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Charlotte Harbor Monofilament and Fishing Line Cleanup

Another important aspect of the Colonial Water Bird Nest Monitoring and Protection Program is keeping the nesting islands clean and free of monofilament, fishing lines and other debris.

Fishing line entanglement and ingestion is a serious threat to the survival of wading birds. Birds can become entangled while wading or swimming in the water. Many use monofilament as nesting material which can wrap around and kill nestlings. Starvation from ingesting hooks and monofilament from fish that have broke the line is very common and so is starvation from line wrapping around their necks and accumulating in their stomachs preventing digestion.

Staff and volunteers clean nesting islands and potential nesting islands twice a year; once before the nesting season begins in early February and again after the nesting season ends in late October.

Birds killed by fishing line entanglement or ingestion have been found at almost every cleanup outing. This is an unfortunate consequence that can be remedied by consciousness and care. Fisherman should properly dispose of monofilament in recycling bins that can be found at piers and boat launches. The immediate removal of monofilament when it becomes entangled is important. The use of proper test line for the intended fish species and fishing technique prevents line from breaking.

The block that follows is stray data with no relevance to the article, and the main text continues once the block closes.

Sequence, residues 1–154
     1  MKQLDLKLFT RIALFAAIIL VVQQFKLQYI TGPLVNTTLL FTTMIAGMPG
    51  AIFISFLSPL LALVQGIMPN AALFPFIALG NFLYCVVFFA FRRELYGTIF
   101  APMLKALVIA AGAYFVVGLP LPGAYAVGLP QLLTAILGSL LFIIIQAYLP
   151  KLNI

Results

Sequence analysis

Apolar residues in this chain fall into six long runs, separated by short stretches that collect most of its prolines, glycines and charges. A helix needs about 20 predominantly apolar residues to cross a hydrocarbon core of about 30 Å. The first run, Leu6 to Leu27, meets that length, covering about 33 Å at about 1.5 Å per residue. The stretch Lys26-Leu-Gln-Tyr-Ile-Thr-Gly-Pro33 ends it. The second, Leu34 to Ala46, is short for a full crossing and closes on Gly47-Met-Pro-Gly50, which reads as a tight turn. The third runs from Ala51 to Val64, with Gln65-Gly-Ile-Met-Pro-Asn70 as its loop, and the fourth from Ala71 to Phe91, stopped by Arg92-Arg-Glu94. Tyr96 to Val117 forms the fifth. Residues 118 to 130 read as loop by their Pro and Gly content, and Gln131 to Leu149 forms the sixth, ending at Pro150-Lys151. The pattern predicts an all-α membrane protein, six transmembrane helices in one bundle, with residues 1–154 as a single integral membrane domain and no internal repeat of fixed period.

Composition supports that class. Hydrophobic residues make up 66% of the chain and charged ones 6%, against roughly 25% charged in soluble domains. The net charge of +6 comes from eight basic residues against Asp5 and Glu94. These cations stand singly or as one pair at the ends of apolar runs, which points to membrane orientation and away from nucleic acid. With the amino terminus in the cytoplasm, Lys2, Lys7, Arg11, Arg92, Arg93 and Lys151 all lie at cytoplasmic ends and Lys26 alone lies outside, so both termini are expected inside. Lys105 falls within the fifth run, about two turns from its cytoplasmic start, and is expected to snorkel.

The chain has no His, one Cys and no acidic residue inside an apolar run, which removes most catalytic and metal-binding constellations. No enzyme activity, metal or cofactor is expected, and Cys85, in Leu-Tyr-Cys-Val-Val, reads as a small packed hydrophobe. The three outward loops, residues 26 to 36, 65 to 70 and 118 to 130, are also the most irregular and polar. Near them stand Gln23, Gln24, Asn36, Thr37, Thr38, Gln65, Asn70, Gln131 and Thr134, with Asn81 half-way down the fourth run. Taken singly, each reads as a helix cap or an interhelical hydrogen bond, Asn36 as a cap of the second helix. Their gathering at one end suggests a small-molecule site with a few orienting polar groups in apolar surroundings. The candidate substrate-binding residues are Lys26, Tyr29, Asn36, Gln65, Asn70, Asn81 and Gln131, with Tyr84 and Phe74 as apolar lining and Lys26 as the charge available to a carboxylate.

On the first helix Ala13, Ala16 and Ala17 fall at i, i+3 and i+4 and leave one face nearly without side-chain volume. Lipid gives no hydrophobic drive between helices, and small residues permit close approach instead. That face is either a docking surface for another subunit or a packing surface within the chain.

Everyone, not only fisherman can help prevent bird kills by fishing line entanglement. When you are out enjoying the beaches and waterways and you come across monofilament pick it up and recycle it or go one step further and volunteer to assist the aquatic preserves staff in their cleanup efforts.

Contact the Charlotte Harbor office at (941) 575-5861 for more information and volunteer opportunities.

Brown pelican hung by fishing line

Brown pelican hung by fishing line

Last updated: April 12, 2013

  3900 Commonwealth Boulevard M.S. 235 Tallahassee, Florida 32399 850-245-2094
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